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Empty Nest, Endless Possibilities

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For homeowners who are raising a family, many of the decisions about the house are made with the children in mind. Maybe an extra space on the main floor is converted into a playroom where young kids can store their toys and spend time with friends. As they get older, a finished basement could be used as a hangout area for teen¬agers, or a deck and pool might even be added to the backyard.

But eventually the children go off to college or enter the workforce and finally find a place of their own. That's when the homeowners—now empty nesters—can make the additions or renovations they've always dreamed of.


"All of a sudden they have some freedom, and people love doing something that makes them happy," says Nadine Holtz of Closets By Design of Northern New Jersey. "The kids have left and the house is theirs now."


While some people in that situation choose to downsize and move into a condo or apartment, others prefer to stay in the house in which they raised their families.


"My experience is that there is a [large] percentage of people who are not going to move," says Bill Lecorchick of Legends Home Improvements. "Their house is paid for, the kids are out of school and out of the house, and they just want to fix up the house that they're comfortable in."


Homeowners today are getting creative with their renovation choices, and the options range from adding the master en-suite they never had to turning a spare bedroom into a boutique-style dressing room. House & Home spoke to several area experts to figure out some of the trendiest ways for empty nesters to spruce up their homes.

Spa bathrooms
While most new construction today includes a master bedroom with an en-suite, many older homes don't have that luxury. That's why it's often at the top of the list for empty nesters.


"Some people have a four- or five-bedroom house and it's an older house built in the '70s when they didn't have these en-suites in the master bedroom. So they'll sacrifice a [spare] bedroom to make an en-suite," Lecorchick says.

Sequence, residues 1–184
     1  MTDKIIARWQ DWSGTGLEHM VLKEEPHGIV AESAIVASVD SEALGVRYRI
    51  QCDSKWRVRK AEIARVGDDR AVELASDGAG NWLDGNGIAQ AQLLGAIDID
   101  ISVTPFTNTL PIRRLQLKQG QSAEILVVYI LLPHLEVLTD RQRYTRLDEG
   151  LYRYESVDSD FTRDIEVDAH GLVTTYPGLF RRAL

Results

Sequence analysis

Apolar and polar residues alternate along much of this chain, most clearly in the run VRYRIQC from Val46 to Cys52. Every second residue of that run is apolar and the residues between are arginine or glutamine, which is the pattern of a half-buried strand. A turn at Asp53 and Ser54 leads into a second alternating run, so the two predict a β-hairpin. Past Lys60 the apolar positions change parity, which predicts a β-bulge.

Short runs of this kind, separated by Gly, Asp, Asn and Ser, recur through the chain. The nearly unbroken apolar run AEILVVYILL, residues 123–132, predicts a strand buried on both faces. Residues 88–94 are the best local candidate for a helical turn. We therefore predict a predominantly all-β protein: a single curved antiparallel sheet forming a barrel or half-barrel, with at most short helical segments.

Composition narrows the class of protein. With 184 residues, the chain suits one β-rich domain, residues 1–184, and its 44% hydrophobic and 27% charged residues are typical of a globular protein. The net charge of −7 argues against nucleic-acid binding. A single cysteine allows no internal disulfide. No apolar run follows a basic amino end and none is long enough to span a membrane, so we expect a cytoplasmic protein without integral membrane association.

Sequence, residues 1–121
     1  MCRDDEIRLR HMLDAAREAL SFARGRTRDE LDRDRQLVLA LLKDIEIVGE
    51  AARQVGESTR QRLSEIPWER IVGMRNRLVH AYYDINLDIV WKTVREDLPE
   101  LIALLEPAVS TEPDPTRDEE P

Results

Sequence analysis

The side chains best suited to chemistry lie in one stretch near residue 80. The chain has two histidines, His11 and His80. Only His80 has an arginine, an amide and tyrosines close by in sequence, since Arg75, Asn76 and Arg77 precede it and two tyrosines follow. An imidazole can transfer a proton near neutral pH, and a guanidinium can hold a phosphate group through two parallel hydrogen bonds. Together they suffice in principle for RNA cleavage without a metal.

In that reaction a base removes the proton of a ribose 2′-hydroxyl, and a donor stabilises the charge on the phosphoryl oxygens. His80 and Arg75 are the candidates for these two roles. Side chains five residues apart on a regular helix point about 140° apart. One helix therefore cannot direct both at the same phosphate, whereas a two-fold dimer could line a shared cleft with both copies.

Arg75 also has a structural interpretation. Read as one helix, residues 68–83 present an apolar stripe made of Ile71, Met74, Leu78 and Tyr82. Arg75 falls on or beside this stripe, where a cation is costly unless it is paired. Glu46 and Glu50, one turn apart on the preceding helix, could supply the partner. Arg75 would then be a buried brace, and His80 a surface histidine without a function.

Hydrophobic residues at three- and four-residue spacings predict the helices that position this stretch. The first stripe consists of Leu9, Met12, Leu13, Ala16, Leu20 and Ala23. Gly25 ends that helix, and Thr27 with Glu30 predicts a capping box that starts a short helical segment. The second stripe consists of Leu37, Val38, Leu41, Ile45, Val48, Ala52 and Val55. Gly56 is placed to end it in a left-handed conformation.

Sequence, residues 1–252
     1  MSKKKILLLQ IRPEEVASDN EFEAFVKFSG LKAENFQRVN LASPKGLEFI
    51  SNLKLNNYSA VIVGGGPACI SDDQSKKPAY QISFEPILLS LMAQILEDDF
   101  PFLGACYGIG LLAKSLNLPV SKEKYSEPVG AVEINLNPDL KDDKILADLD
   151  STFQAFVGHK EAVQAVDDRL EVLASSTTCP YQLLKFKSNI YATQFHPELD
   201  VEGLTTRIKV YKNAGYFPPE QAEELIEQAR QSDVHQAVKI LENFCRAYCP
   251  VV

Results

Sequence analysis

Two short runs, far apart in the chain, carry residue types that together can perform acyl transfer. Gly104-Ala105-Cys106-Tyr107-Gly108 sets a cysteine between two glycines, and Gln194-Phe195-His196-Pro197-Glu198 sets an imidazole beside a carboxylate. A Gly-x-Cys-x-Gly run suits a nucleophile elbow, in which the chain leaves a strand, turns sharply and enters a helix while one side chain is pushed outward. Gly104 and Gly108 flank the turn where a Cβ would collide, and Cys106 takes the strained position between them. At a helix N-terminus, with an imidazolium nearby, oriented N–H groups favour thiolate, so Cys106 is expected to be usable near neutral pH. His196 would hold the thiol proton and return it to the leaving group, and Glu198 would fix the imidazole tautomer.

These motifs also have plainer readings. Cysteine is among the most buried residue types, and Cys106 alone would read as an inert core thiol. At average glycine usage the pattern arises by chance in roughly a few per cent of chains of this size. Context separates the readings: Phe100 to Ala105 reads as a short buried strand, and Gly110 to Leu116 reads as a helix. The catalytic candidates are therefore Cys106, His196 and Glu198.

Even if an en-suite is already in place, homeowners often seek an updated look that will provide a spa-like experience.


"People want their own little retreat and we're seeing a lot more of that," Gene Mulligan of Mullico General Construction Inc. says. "We're taking down closets and even taking space from another bedroom to make the bathroom larger.


"Most people think of the bathroom as get in, get a shower and get out. But people are spending a little more time in there and they're looking for walk-in showers and big Jacuzzi tubs. They also like rain showerheads that drop from the ceiling, and body jets and multiple showerheads are popular as well."
Many homeowners want the best amenities available when it comes to the en-suite, and they're willing to pay for them.


"Every bathroom that I've ever redone for a couple in this [situation] has been pretty crazy," says Steven Del Colliano, president of Paradise Knoll Builders Inc. "They do a big 4-feet wide by 5-feet deep master shower with glass all the way around. They do rain heads and marble floors, really beautiful vanities, drop-in tubs inside a granite, raised platform. They tend to spend some money on the bathroom."

Boutique-style dressing rooms
Another trend gaining steam is to create a dressing area, either with the addition of large walk-in closet or even the conversion of a child's old bedroom into a dressing room. Since many empty nesters are still working, this space gives them a chance to prepare for a busy day.


"I've done many of those; they're very popular," Holtz says. "[It can include] an entertainment area with a TV and a breakfast nook. ... You can put an island in the middle with drawers and a hamper. There are a lot of different things you can do."


Charles Waterman, owner of Closets By Design of SE Pennsylvania/Delaware, agrees that dressing areas are becoming quite common and make for a convenient renovation in a spare bedroom.


"In these rooms now we're putting in televisions and Keurigs," he says. "People get up in the morning and flip the TV on to hear the traffic report and they get their cup of coffee. It used to be they would go downstairs and rush out the door with a cup of coffee. Now they can do that while they're getting ready and they have everything at their fingertips. They can even lay out their outfits the night before with valet rods and have everything ready to go. It's a different kind of morning."


Some of the features for a dressing room include custom closets and shoe racks that display the homeowners' wardrobe. Benches and islands are also popular.


"We try to create a boutique shopping experience in their own closet, where they can look into their closet and decide what to mix and match that day based on the event they're attending or what they're doing," Waterman says. "Instead of going in and wrestling with the closet and grabbing the first thing [they see], they have everything compartmentalized. They can easily mix and match and have a little variety to their wardrobe and feel better about their appearance."

Home offices